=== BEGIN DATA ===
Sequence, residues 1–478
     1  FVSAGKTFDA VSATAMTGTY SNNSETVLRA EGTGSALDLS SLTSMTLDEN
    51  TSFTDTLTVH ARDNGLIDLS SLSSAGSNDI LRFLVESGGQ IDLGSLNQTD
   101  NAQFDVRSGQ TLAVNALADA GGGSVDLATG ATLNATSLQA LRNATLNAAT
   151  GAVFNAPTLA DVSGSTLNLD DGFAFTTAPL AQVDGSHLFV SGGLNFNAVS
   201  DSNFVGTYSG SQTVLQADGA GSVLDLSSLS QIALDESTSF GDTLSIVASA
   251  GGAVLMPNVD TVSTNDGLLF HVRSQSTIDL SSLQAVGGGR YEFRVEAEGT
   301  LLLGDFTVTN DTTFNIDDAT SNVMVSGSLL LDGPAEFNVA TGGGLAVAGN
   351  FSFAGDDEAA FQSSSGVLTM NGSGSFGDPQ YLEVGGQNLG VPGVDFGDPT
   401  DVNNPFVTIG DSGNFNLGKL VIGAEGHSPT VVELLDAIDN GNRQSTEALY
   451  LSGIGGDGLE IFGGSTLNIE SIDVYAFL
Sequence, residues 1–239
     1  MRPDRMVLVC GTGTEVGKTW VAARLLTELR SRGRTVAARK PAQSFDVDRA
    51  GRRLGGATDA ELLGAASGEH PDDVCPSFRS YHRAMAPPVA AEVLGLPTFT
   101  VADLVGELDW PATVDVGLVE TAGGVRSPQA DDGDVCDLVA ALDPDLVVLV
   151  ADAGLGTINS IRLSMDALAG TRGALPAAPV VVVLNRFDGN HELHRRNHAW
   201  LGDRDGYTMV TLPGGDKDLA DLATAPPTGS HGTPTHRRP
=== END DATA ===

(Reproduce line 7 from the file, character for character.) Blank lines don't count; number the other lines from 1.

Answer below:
   251  GGAVLMPNVD TVSTNDGLLF HVRSQSTIDL SSLQAVGGGR YEFRVEAEGT